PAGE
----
By John H. Sprinkle, Jr.[i]
“The family farm is sacred ground:” so opined Tiffany Dowell Lashmet in the April issue of Progressive Farmer.[ii] This often repeated and widely felt sentiment is well understood and broadly accepted among families who have generations of attachment to a particular patch of ground. It has inspired many, both farm owners and land conservation advocates, to develop creative secular ways to protect spaces and places that are held dear, and that represent a physical gift to future generations.
A common means to provide for the perpetual conservation of a family farm, or any historic resource, is the legal instrument known generally as a conservation easement.
In Maryland farmland preservation has a long history. It developed in relation to efforts to preserve the viewshed from George Washington’s Mount Vernon estate across the Potomac into Prince Georges County during the late 1950s and early 1960s.[iii] In 1966 Maryland was the first state to authorize the differential taxation of parcels encumbered with conservation easements, an approach that enhanced the value of such easements as a landscape conservation tool.[iv]
National recognition for this achievement was evidence by NPS Director George Hartzog’s presence at the Annapolis signing ceremony for the “scenic easement bill” in May 1965 and Secretary of the Interior Stewart Udall’s participation at the January 1966 ceremony marking Prince George’s County’s adoption of a conservation easement program.[v] At that time, such easements were seen as just the right prescription to address the ever increasing acquisition costs for those portions of the rural landscape thought to be worthy of protection then and into the future.
With increasing suburbanization in the late 1960s and throughout the 1970s (fostered by federal housing loan programs and further development of the interstate highway system) conservationists and political leaders in Maryland’s rural communities began to recognize the loss of prime farmlands as a threat to the economic and cultural survival of farming within the state.
The Maryland Agricultural Land Preservation Foundation (MALPF) was established by the General Assembly in 1977, three years before the creation of the American Farmland Trust (AFT), a nationwide organization that highlighted diverse threats to the continuation of farming in the United States, as well as efforts to conserve such landscapes.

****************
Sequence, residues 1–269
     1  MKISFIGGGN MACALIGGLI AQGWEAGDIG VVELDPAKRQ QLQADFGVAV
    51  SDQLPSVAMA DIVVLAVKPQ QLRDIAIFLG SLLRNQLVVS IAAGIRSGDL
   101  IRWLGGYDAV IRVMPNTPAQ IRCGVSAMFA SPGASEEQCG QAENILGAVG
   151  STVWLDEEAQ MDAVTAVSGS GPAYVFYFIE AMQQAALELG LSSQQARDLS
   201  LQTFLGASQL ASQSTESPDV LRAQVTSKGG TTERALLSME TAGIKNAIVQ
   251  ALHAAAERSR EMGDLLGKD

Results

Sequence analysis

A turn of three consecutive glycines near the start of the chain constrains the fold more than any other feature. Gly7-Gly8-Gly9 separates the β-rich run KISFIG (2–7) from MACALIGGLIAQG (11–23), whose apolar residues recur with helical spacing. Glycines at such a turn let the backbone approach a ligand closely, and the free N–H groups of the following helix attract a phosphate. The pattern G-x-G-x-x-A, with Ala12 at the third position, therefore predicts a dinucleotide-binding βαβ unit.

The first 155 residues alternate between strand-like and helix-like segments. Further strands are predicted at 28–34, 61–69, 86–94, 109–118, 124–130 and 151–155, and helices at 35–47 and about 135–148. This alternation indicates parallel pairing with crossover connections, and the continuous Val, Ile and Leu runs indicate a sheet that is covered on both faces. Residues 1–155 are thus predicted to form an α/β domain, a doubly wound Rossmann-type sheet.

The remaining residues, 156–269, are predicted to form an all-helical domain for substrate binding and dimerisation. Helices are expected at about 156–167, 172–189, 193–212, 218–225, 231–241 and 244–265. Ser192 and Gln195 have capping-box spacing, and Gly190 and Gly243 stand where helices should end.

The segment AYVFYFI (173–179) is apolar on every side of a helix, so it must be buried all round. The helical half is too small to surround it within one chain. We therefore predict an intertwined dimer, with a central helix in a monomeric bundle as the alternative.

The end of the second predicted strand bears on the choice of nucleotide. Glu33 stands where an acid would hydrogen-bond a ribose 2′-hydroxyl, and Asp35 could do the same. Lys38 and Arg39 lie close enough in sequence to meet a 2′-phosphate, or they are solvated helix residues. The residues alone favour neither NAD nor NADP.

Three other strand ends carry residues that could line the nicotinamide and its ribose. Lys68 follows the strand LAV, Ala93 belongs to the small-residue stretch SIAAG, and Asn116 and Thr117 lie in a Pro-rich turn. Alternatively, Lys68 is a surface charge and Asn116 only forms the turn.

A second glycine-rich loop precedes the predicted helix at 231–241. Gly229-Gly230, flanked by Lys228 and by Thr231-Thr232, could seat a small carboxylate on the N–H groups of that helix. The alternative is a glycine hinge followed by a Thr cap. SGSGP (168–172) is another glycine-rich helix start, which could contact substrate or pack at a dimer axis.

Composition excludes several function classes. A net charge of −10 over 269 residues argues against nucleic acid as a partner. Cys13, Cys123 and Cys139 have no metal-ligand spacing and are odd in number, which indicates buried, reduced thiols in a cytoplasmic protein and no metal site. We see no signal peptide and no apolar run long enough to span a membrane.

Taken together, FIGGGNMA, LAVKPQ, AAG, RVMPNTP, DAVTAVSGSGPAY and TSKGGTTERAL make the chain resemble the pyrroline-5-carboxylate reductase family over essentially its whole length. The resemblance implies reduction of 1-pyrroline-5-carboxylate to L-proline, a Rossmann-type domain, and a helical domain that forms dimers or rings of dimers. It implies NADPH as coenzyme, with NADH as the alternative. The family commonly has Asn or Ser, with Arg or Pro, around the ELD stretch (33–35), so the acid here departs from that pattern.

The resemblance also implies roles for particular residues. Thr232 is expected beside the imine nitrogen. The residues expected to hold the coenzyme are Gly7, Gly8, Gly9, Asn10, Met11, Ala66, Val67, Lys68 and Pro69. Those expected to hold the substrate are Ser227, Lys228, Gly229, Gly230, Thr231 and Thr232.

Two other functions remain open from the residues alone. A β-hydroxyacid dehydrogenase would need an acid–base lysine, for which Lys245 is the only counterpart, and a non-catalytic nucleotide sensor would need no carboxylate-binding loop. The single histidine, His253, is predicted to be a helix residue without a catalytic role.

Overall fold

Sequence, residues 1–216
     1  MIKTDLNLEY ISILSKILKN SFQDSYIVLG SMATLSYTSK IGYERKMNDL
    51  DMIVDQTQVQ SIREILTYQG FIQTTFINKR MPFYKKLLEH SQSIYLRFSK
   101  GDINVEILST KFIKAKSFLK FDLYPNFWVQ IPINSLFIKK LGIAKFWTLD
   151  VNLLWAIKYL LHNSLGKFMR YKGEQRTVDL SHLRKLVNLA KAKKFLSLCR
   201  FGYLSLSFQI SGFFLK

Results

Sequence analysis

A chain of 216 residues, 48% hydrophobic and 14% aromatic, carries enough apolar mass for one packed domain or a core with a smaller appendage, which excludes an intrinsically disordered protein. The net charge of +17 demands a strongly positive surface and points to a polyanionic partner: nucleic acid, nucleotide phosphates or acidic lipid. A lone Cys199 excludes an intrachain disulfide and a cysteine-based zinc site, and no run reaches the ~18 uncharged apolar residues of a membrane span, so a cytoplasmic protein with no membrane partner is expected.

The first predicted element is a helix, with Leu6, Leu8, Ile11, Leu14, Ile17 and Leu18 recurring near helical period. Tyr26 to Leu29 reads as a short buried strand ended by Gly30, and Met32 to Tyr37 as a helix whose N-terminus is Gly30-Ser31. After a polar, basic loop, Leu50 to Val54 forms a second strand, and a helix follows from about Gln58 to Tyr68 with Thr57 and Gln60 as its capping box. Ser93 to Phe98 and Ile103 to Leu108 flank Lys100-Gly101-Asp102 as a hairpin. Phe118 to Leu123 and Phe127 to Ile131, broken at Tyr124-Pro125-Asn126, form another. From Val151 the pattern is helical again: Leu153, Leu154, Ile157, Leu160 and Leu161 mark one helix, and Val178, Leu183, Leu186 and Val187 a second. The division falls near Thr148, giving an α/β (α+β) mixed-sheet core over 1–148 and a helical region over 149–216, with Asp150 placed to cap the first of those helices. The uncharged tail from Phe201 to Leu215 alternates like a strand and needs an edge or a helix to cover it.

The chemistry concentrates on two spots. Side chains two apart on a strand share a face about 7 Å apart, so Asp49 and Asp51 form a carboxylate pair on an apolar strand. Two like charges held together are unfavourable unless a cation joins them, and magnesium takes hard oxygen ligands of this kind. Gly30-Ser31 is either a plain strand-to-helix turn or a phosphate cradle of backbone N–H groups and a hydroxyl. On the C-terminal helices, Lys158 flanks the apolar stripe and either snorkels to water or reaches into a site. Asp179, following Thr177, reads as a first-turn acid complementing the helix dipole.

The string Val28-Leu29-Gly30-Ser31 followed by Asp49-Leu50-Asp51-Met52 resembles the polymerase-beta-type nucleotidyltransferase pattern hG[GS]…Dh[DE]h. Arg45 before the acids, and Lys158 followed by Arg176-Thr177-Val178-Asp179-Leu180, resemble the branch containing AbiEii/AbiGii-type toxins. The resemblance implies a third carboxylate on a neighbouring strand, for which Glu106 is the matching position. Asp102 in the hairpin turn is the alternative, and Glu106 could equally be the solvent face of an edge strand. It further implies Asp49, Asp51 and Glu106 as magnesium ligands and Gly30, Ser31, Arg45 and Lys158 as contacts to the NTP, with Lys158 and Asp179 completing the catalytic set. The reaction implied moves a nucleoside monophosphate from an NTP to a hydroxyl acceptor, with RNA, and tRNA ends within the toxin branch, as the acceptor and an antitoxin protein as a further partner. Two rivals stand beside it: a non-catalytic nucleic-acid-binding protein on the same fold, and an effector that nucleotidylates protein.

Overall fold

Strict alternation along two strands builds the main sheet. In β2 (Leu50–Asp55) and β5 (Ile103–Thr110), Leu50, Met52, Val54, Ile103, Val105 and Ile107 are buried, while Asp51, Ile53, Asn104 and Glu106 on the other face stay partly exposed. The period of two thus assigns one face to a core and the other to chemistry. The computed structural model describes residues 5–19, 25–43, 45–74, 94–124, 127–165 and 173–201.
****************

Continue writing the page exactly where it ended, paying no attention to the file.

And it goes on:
Using easements as a conservation tool, MALPF acquired its first agricultural land preservation easement in 1980. By 2017, the MALPF program had expanded to include the permanent protection of more than 300,000 acres spread across more than 2,200 farms in the state. Through a variety of federal, state, and local land conservation programs, Maryland has permanently preserved more agricultural land than any other state.[vi]
Beyond these impressive statistics is the recognition that placing a conservation easement on a property is in itself a historic act. I can vividly recall the family meeting, held around the kitchen table, where my parents discussed participation in various land conservation programs. It was in 1987, during the bicentennial of the U.S. Constitution, and our place had been recognized as one of 30 “Bicentennial Farms” in Maryland by the United States Department of Agriculture for its status as a family farming operation for over two centuries.
That same year, as evidence of their commitment to the conservation of the farm’s cultural landscape, my parents entered into a “district agreement” with the MALPF program. With this agreement, they committed to preserving the farm and maintain its agricultural land uses for a five year period, an action that set the stage for a subsequent execution of a permanent easement on the property in 2004. Efforts to conserve—in perpetuity–the cultural landscape within this property constituted a significant event in the history of its land use.